In 1982, I was thrown from a moving car. I hit the ground with my right leg and twisted it like a corkscrew. My ankle was crushed and my leg was broken. I almost died two days later from gangrene. The doctors put my leg and ankle together with steel and sent me to therapy.
A year later I began to have severe pain in my knee. Two doctors told me I was just high strung and I would be fine. Finally I went to a knee specialist and he told me my kneecap had been dislocated all that time, about two years. I had knee surgery and therapy, then I began to have shocking electrical pain all up and down my right side. After the sixth doctor had told me I was just an anxious woman and offered me Prozac, I surrendered in despair. Someone convinced me to try once more and I saw a neurologist. He told me, you are NOT crazy, you have RSD. After 20 years and all those doctors calling me a nervous woman, this doctor believed me. Sadly he told me there was not much that could be done, because it had been so long.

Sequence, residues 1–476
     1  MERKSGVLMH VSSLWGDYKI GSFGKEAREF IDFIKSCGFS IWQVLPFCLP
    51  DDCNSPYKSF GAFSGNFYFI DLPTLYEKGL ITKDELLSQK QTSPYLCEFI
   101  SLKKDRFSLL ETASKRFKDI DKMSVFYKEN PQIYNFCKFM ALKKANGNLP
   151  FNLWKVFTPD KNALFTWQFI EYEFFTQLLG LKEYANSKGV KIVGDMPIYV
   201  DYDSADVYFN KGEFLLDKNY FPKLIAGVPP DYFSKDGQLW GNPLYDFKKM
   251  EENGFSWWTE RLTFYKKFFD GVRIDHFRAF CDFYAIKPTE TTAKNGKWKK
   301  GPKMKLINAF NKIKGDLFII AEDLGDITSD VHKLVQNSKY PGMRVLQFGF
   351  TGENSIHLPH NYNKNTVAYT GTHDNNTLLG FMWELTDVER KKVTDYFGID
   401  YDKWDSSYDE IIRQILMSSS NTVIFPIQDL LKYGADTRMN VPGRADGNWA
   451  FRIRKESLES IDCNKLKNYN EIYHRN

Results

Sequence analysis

How does it feel to be suffering in silence while one medical professional after another suggests ever so gently that you are crazy? It is like being alone on an ice floe in the middle of the Arctic Ocean, calling for someone to save you. You realize that with every passing day, your hope is slipping away. And you wish that one person would take the time to consider the possibility that you are a sane person with a real problem.
It is very hard to keep living with this pain, but I refuse to stop trying. I tell my story to any woman I meet who is in pain. I tell them not to stop trying, because although it was too late to help me, there WAS a doctor who finally said, you are as sane as me, and you have a real problem. I only wish that these doctors who told me I was crazy could hurt this much for just one day. I think it would turn them around and they would not look at us women the same way ever again. Then maybe the next woman will get some help in time. That is my wish.